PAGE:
PGA Tour denies players a start at opening LIV event
It wasn’t unexpected but the PGA Tour drawing a line in the sand ahead of LIV Golf’s opening event next month has certainly raised the stakes in what may turn out to be just the start of a protracted legal battle with the world’s biggest golf tour.
This week players were informed of their denial to play in the opening event of the Greg Norman’s LIV Golf Invitational Series in London, which directly conflicts with the RBC Canadian Open, via a memo from the PGA Tour.
PGA Tour’s Tyler Dennis (Credit: PGA Tour)
“We have notified those who have applied that their request has been declined in accordance with the PGA Tour Tournament Regulations,” wrote , Executive Vice President & President PGA Tour. “As such, Tour members are not authorised to participate in the Saudi Golf League’s London event under our Regulations.”
“As a membership organisation, we believe this decision is in the best interest of the TOUR and its players.”
According to PGA Tour regulations, players can be granted up to three releases to play in conflicting tournaments. However the Tour also has the sole discretion to deny releases if “such a release would cause [the Tour] to be in violation of a contractual commitment to a tournament sponsor, or would otherwise significantly and unreasonably harm [the Tour] and such sponsors.”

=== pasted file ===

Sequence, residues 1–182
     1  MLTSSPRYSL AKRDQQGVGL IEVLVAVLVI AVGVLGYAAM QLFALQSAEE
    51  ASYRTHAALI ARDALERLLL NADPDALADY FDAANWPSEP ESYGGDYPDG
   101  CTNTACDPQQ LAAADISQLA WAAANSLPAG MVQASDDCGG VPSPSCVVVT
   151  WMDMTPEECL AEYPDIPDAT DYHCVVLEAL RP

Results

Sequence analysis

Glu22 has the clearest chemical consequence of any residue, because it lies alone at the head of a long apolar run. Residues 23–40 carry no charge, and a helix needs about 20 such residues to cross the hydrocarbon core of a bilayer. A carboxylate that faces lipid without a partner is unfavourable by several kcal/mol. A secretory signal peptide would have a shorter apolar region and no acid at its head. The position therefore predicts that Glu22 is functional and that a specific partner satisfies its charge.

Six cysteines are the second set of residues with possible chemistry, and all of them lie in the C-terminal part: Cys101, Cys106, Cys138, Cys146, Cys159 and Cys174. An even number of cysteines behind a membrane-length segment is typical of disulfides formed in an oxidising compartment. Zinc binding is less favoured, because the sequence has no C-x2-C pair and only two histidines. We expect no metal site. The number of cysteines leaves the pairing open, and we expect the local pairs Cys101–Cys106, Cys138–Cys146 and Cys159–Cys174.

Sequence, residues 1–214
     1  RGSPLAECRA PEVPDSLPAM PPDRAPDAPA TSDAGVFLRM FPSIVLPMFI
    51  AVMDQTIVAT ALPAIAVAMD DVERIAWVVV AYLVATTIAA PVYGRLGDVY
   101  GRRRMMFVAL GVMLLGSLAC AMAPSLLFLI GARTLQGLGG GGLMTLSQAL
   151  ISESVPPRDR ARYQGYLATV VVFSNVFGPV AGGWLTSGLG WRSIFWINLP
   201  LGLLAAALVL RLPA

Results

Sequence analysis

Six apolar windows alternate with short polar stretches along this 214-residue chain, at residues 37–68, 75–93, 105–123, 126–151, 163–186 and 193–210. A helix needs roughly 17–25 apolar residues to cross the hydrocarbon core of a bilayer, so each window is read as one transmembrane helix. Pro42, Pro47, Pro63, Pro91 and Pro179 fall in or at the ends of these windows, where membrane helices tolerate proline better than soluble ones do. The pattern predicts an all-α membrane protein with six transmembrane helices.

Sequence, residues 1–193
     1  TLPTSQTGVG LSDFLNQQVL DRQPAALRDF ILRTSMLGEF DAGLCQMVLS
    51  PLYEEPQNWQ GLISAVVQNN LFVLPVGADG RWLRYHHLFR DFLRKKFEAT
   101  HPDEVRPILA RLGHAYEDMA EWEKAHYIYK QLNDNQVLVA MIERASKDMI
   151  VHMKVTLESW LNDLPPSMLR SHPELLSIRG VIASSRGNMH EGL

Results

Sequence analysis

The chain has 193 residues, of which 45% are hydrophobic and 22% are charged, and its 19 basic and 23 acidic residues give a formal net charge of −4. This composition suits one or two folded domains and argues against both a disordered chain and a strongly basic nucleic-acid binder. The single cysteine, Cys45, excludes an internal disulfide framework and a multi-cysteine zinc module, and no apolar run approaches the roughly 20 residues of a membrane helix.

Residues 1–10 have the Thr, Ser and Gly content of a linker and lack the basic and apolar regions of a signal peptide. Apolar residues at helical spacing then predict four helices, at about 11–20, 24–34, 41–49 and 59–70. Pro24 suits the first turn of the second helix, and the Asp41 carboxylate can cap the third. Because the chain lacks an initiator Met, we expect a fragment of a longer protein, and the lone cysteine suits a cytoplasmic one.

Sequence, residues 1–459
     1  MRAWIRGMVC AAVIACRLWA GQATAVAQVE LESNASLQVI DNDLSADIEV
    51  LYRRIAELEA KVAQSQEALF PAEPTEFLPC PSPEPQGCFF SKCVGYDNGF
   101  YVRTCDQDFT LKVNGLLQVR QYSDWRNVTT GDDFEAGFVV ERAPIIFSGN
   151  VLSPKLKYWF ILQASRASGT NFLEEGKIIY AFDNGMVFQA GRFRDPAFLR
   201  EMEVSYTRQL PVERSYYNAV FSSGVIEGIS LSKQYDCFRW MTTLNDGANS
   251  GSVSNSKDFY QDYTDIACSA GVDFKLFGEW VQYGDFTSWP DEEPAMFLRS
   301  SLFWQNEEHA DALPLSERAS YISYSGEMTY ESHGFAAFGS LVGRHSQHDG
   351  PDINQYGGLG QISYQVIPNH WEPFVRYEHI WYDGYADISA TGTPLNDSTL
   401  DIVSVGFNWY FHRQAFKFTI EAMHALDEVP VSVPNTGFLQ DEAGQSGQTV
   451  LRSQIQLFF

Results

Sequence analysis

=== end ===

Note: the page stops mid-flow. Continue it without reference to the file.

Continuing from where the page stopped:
If you’re thinking that passage is wide open to interpretation, you’d be right. It effectively gives the PGA Tour full control over a player’s right to tee it up in any tournament around the world.
The denials are an interesting decision as the PGA Tour, and indeed the DP World Tour, were more than happy to allow its top players including Dustin Johnson, Phil Mickelson and Xander Schauffele to play the Saudi International as recently as this year when Harold Varner III won the title by a shot over Bubba Watson.
Also DP World, who now own the naming rights of the European Tour, are based in the United Arab Emirates; a country with a human rights record as dubious as the Saudi Kingdom or even China, where of course many European and PGA events have taken place over the years.
The news this week out of the LIV Golf camp of a further $2 billion investment into the future of the breakaway league indicates that rather than a flash in the pan as expected by many in the game, Norman and his Saudi pot of gold are here to stay, whether the PGA Tour likes it or not.